I have not seen this email, however I did find information on it online at Cho v. Seagate Technology (US) Holdings, Inc.
. I think this is a case of binary vs decimal and the average person who doesn't care and or bother to understand how things may work. The sticker on my car may say I get 35mpg highway however that would be unlikely even under optimal conditions. If segate should be sued for anything maybe it should be for the number of faulty drives I've seen in the past year.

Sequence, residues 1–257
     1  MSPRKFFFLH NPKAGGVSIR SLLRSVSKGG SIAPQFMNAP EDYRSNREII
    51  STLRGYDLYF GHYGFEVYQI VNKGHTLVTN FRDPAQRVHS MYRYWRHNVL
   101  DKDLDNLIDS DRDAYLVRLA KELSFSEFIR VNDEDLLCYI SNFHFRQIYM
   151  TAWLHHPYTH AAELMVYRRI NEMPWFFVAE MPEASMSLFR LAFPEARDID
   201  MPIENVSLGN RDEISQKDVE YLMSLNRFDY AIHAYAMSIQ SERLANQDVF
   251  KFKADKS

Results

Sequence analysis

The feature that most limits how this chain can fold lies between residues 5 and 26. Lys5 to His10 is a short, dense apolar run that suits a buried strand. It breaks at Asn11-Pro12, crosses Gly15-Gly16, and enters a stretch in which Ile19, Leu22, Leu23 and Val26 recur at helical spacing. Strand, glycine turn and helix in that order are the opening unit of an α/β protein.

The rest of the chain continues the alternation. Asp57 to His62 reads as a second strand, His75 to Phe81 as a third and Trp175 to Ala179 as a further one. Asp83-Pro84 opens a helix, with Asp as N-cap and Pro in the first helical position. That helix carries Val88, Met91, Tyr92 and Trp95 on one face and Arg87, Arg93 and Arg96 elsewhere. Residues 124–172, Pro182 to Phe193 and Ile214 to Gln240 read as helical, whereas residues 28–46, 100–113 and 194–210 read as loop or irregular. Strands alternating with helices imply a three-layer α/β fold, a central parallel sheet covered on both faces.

I do think it would be easier on the average home user if hard drive sizes were posted on the drive in decimal and not binary. However I know this is not feasable as there are more factors into the capacity of a hard drive such as the filesystem used, allocation unit size in the filesystem clustering, and also how the BIOS itself recognises the drive and intreprets it.